The new strategy is a big threat for our stakeholder group, the employees of Kwik Save, larger Somerfield stores, distribution and the central offices. At the moment the job losses are not yet calculated but it is thought that there will be more than 1000 job losses across the company. The disposals will lead to definite job cuts at the Bristol headquarters. Our one hope is that if somebody buys the 140 large Somerfield and the 350 Kwik Save stores they will be sold as going concerns with no implications on job cuts. Chief Executive David Simons is insisting that they are not planning to close the stores but to sell them to other retailers who can further develop and build on Somerfields' business.
He also quotes 'Because we are not planning to close stores but to sell them to other retailers, staff in the stores should not be affected or be made redundant. They will obviously be concerned because they won't know who the new owners are but their employment will be transferred with all their existing pay and benefits'; . The assurances for the suppliers and the continuity of contracts (cleaners etc. ) look less bleak though, the company are leaving the arrangements of these for the new purchasers. As a representative for the employees of Somerfield plc I see the new strategy for Somerfield to be very precarious because I think they will find it hard to find buyers for the surplus stores when rival Supermarkets like J Sainsbury are also restructuring. If they find no buyers the jobs at these stores will most definitely be in danger.
The sale of the selected stores hopes to bring lb 450 million to the business. This is needed to invest into the new strategy. Another problem that Somerfield will encounter when reducing the size of the company is that there will also be a reduction in buying power. This reduction in the buying power will force prices up and send the company into a downward spiral, causing shoppers to go elsewhere - probably to where Somerfield used to be.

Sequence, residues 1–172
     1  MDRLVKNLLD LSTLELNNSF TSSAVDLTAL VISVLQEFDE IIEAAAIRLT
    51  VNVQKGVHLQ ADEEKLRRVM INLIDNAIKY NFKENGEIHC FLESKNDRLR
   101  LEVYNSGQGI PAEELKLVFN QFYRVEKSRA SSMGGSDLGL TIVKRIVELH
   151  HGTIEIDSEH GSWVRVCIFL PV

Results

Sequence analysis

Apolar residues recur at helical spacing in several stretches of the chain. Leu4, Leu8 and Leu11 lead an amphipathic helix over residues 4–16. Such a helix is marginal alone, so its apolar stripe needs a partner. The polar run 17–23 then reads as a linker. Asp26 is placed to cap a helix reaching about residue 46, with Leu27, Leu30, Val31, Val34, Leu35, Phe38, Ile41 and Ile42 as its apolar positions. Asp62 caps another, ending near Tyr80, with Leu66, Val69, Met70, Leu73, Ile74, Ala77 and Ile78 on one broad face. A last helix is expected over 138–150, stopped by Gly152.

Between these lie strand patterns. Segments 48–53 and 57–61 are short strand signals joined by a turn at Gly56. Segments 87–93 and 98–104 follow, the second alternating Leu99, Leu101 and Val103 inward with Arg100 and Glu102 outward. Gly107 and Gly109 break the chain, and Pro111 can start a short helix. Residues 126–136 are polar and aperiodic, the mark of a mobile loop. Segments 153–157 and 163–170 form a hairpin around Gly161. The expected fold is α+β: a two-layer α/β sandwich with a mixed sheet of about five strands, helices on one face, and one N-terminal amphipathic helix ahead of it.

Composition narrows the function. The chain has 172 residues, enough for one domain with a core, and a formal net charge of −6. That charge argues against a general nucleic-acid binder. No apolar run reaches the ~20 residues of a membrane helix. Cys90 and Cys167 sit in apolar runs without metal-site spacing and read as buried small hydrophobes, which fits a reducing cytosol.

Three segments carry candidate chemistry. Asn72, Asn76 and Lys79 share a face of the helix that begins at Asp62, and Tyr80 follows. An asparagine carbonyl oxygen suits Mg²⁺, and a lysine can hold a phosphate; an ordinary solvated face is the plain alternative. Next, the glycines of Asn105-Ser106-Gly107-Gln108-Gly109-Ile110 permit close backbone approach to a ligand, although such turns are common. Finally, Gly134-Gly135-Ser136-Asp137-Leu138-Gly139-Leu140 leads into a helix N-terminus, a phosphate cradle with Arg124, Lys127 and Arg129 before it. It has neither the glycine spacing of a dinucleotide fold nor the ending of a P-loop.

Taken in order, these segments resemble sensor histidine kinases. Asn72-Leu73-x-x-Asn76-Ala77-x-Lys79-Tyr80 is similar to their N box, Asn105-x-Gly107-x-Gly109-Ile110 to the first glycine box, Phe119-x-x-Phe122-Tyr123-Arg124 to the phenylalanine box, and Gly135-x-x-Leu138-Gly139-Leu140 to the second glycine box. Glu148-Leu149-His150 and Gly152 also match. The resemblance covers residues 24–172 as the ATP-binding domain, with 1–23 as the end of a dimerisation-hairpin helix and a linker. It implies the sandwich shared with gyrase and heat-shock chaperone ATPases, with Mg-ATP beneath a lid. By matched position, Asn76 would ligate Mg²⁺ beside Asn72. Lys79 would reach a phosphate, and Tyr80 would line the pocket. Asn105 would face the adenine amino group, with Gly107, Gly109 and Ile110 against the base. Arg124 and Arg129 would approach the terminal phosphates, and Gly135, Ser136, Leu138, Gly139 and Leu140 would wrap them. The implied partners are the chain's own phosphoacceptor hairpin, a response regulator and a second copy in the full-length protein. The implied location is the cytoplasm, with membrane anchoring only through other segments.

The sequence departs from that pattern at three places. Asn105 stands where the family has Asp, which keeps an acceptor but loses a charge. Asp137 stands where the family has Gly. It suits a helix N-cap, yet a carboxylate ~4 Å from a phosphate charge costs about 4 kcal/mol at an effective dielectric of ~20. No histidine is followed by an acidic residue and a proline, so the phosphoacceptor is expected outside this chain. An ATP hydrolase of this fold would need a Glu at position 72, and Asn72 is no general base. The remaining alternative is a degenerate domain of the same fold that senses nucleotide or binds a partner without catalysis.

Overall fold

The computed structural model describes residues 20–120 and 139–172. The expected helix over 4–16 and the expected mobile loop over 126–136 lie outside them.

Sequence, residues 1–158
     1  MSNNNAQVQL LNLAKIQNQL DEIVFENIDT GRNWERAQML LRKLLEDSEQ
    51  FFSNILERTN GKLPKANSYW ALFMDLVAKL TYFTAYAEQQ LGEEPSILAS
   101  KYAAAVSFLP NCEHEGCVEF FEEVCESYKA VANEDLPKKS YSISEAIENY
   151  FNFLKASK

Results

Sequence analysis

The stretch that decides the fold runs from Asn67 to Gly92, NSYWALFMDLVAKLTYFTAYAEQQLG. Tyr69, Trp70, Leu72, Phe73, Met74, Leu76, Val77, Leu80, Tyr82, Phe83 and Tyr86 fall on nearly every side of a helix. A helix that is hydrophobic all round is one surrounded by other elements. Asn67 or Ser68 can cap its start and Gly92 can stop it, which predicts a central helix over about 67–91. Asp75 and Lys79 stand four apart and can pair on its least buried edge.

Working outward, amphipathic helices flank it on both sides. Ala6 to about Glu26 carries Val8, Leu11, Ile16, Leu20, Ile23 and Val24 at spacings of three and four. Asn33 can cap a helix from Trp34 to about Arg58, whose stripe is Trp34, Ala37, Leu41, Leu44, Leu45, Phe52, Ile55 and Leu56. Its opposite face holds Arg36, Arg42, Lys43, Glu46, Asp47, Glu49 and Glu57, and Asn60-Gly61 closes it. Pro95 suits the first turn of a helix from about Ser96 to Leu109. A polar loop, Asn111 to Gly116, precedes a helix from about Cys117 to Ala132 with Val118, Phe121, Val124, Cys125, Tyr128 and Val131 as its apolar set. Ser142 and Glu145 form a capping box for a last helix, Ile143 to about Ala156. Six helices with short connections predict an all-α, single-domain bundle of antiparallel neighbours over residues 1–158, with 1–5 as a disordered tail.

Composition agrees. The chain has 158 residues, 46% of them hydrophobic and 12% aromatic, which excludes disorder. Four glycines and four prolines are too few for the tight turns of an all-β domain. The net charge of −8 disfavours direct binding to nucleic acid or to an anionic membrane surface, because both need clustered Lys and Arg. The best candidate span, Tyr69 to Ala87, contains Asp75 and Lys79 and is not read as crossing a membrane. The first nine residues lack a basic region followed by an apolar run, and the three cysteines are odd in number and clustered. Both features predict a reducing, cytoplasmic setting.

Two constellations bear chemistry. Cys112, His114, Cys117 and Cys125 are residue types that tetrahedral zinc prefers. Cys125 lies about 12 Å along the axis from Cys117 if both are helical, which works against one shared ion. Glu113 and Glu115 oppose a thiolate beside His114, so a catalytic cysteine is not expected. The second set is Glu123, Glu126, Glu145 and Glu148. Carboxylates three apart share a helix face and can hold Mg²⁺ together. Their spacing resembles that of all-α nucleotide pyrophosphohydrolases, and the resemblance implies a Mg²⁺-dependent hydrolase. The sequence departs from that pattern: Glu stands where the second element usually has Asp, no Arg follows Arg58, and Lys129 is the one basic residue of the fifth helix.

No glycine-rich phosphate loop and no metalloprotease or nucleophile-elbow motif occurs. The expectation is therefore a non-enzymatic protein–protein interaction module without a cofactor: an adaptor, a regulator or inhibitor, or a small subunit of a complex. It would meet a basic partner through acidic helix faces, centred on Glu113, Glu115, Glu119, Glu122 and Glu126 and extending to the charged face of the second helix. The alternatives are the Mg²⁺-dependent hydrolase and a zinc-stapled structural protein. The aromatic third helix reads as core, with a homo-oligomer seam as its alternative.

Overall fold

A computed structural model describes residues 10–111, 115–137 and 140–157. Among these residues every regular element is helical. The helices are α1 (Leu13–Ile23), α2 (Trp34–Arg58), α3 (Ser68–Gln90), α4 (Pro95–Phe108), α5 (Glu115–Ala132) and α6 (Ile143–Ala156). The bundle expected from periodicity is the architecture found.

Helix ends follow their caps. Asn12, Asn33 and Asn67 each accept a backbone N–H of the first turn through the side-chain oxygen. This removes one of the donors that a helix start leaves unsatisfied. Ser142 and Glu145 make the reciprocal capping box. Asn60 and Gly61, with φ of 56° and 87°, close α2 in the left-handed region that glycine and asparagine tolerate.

People are tending not to shop at Marks and Spencers because they have abandoned the 'We are backing Britain'; policy. They have forced the closure of factories across the country by buying supplies from European factories. If Somerfield adopt the new policy of focusing upon the High Street rather than the price driven shopper I can see the same thing happening, the employee redundancies in the eye of the consumer may persuade them to shop elsewhere. At the moment out of town shopping may not be 'flavour of the month' but if it did suddenly become increasingly popular, where would the company stand? Allies for the changes are shareholders, board members and the city institutions. The shares have recently decreased by 82 per cent since the start of the year. The doubts surrounding the company have forced the shares down by 19 per cent on Wednesday, 10 th November, and then by another 10 per cent on Thursday, 11 th November, reaching an all-time low of 84 p.
It's obvious something has to be done to reverse this situation otherwise unhappy shareholders would be forced to withdraw their capital. Somerfield are insisting that the new strategy will result in a smaller, leaner, fitter business aimed at increasing shareholder value. Once all of the disposals have been completed the Board will determine how best to return any surplus funds to the shareholders. However, why should shareholders have faith in the companies plans when they have already converted 70 Kwik Save stores with only 40% of a realistic return.
Now that 450 stores are to be converted, at these odds about 250 stores will see good returns. It looks like the company is going down the road where they have been before. The local communities will be opposed to the changes because they loyally shop and rely on the larger stores week-after-week. Selling off the larger stores in rural areas where customers live means that their customer loyalty has counted for nothing - perhaps they choose to shop at Somerfield because they don't like the others.
A preferred outcome for the employees would be not to sell any of the stores and to leave the strategy as it is. However, the current strategy is not working, forcing the board members to implicate a new one involving un doubtable job losses by selling the larger Somerfield stores and the Kwik Save division. All that we can hope for is that the company finds a buyer for the properties as soon as possible to minimise job losses. The employees who are unfortunate enough to lose their jobs need suitable redundancy packages, which should reflect on their position and dependence upon Somerfield.
If the company are opting to target custom through new technologies including the Internet, interactive TV etc. then retraining to deal with distribution through this method to local communities could be a solution to cut redundancies.